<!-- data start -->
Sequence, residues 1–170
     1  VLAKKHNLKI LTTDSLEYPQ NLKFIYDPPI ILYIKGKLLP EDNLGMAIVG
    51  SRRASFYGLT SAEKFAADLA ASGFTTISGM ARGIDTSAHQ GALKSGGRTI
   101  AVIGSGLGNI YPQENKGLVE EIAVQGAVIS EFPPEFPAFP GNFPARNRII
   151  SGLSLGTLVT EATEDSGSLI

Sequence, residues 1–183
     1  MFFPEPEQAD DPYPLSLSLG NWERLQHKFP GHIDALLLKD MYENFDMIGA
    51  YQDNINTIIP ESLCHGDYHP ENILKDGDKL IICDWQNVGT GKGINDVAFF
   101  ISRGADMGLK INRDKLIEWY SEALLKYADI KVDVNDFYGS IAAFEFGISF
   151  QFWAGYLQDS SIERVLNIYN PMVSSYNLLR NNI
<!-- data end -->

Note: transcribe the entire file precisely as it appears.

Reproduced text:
Sequence, residues 1–170
     1  VLAKKHNLKI LTTDSLEYPQ NLKFIYDPPI ILYIKGKLLP EDNLGMAIVG
    51  SRRASFYGLT SAEKFAADLA ASGFTTISGM ARGIDTSAHQ GALKSGGRTI
   101  AVIGSGLGNI YPQENKGLVE EIAVQGAVIS EFPPEFPAFP GNFPARNRII
   151  SGLSLGTLVT EATEDSGSLI

Sequence, residues 1–183
     1  MFFPEPEQAD DPYPLSLSLG NWERLQHKFP GHIDALLLKD MYENFDMIGA
    51  YQDNINTIIP ESLCHGDYHP ENILKDGDKL IICDWQNVGT GKGINDVAFF
   101  ISRGADMGLK INRDKLIEWY SEALLKYADI KVDVNDFYGS IAAFEFGISF
   151  QFWAGYLQDS SIERVLNIYN PMVSSYNLLR NNI